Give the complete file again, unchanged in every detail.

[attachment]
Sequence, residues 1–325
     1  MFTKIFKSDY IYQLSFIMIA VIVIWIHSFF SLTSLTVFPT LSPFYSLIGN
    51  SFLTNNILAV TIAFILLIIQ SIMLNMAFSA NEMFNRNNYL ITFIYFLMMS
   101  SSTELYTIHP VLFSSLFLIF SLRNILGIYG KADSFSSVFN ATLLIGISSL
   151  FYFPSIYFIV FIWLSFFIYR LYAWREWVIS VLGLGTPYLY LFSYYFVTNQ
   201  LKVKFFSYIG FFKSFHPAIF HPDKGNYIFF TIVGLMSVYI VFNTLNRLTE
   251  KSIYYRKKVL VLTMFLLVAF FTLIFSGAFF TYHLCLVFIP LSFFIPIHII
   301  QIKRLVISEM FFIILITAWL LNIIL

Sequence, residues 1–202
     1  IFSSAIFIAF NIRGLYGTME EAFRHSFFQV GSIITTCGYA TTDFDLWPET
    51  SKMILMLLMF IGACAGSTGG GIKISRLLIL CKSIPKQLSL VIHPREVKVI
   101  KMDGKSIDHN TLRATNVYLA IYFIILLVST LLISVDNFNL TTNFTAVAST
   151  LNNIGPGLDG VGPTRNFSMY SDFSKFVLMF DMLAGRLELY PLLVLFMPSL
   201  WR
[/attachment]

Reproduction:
Sequence, residues 1–325
     1  MFTKIFKSDY IYQLSFIMIA VIVIWIHSFF SLTSLTVFPT LSPFYSLIGN
    51  SFLTNNILAV TIAFILLIIQ SIMLNMAFSA NEMFNRNNYL ITFIYFLMMS
   101  SSTELYTIHP VLFSSLFLIF SLRNILGIYG KADSFSSVFN ATLLIGISSL
   151  FYFPSIYFIV FIWLSFFIYR LYAWREWVIS VLGLGTPYLY LFSYYFVTNQ
   201  LKVKFFSYIG FFKSFHPAIF HPDKGNYIFF TIVGLMSVYI VFNTLNRLTE
   251  KSIYYRKKVL VLTMFLLVAF FTLIFSGAFF TYHLCLVFIP LSFFIPIHII
   301  QIKRLVISEM FFIILITAWL LNIIL

Sequence, residues 1–202
     1  IFSSAIFIAF NIRGLYGTME EAFRHSFFQV GSIITTCGYA TTDFDLWPET
    51  SKMILMLLMF IGACAGSTGG GIKISRLLIL CKSIPKQLSL VIHPREVKVI
   101  KMDGKSIDHN TLRATNVYLA IYFIILLVST LLISVDNFNL TTNFTAVAST
   151  LNNIGPGLDG VGPTRNFSMY SDFSKFVLMF DMLAGRLELY PLLVLFMPSL
   201  WR